The Pillar affirms for the first time at Union level the right to long-term care services for persons who are reliant on care. It calls for services of quality which would help frail or dependent people maintain their health and functional status for as long as possible and improve their autonomy. Furthermore, the Pillar requires care services to be affordable since formal care services can have significant financial costs, leaving many persons who are reliant on care with unmet needs. While the Charter of Fundamental Rights sets out that older people should have the right to live in dignity and independence, the affordability, adequacy and quality of the services provided are central for the application of this right.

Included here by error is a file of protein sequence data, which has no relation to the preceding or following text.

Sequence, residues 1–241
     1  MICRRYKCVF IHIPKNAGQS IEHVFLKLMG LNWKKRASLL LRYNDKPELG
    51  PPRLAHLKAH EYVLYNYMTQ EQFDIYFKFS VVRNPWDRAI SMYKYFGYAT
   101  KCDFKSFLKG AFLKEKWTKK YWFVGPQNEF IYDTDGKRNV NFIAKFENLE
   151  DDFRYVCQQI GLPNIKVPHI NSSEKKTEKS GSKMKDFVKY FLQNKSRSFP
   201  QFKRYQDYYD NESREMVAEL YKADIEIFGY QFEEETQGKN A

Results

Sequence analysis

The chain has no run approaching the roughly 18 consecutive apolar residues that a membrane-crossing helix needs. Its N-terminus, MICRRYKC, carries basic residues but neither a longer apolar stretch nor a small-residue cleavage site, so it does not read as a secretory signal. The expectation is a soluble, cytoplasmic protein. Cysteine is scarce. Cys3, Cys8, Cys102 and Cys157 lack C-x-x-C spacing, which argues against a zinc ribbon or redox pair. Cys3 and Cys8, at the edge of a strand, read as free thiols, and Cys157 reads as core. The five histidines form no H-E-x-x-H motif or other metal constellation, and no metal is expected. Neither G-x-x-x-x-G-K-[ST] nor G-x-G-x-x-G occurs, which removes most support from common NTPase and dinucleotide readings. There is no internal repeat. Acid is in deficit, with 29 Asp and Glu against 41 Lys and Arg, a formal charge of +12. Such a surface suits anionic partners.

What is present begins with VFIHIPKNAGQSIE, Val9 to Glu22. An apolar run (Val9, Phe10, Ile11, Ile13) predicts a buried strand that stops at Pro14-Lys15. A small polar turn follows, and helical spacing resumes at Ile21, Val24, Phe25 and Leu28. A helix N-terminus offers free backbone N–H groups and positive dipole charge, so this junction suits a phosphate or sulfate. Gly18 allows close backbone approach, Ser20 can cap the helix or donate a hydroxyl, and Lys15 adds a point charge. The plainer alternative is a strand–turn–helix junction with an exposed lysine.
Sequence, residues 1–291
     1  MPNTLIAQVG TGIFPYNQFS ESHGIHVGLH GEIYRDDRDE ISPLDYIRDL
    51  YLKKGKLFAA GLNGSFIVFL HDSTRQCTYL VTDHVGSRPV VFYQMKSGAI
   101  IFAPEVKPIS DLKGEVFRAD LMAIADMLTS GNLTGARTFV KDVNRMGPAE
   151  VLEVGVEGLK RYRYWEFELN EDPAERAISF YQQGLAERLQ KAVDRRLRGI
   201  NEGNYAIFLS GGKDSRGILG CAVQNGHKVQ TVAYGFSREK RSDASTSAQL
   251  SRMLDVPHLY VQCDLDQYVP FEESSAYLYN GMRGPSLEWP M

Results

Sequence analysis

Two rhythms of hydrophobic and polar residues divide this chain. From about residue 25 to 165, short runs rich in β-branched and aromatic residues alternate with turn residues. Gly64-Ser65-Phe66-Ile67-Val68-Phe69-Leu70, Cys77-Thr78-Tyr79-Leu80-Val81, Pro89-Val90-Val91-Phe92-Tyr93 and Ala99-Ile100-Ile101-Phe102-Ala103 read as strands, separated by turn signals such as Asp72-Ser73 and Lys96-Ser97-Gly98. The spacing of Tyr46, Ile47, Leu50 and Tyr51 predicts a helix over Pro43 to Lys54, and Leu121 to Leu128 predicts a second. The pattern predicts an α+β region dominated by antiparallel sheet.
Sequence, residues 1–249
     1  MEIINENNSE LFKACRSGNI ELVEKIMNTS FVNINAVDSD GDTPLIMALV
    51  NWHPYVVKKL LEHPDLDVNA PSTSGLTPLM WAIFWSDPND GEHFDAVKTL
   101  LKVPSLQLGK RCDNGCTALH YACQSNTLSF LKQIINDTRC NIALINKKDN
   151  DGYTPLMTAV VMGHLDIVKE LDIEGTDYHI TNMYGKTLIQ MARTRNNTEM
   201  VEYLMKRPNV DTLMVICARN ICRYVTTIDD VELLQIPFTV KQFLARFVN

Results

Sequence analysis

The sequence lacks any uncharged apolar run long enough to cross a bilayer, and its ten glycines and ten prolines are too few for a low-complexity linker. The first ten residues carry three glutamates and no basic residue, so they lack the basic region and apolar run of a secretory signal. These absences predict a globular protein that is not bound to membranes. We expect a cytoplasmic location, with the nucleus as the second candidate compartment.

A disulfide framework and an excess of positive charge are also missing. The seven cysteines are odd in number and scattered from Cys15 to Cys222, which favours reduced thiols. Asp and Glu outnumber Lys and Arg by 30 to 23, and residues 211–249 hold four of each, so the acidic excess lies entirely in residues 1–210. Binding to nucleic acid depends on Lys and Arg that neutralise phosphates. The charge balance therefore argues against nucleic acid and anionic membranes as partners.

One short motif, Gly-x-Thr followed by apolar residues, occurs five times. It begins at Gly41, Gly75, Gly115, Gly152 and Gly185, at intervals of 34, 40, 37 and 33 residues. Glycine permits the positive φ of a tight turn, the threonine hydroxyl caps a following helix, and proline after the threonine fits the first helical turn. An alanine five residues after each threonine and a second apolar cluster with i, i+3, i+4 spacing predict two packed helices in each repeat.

The Pillar privileges home-care (provided at the home of a person in need of care) and community-based services (range of care services of a non-institutional character) and therefore goes a step further than the Commission 2008 Recommendation on active inclusion. Developing community-based services helps persons with long-term care needs and with disabilities to live independently and to be included in the community.(132) This generally respects the preferences of persons in need of care to maintain independent living for as long as possible.